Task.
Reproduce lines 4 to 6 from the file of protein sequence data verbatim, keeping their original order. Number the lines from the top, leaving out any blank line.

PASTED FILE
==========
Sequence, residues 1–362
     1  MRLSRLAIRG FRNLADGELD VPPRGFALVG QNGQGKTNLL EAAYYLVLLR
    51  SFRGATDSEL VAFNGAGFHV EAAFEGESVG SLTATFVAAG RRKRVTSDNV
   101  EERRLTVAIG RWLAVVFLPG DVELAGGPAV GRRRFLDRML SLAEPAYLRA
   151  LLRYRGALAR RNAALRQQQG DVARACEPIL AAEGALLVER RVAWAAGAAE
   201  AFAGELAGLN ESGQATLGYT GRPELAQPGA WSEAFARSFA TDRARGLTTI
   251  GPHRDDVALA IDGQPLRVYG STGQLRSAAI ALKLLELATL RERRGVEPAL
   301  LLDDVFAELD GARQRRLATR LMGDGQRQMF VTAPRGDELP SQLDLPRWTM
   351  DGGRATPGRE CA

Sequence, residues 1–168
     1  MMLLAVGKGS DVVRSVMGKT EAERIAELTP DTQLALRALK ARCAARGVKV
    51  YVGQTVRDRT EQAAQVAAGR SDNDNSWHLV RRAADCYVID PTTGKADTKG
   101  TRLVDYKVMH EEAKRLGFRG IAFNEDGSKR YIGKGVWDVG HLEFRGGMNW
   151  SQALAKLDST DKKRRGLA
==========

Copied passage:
   101  EERRLTVAIG RWLAVVFLPG DVELAGGPAV GRRRFLDRML SLAEPAYLRA
   151  LLRYRGALAR RNAALRQQQG DVARACEPIL AAEGALLVER RVAWAAGAAE
   201  AFAGELAGLN ESGQATLGYT GRPELAQPGA WSEAFARSFA TDRARGLTTI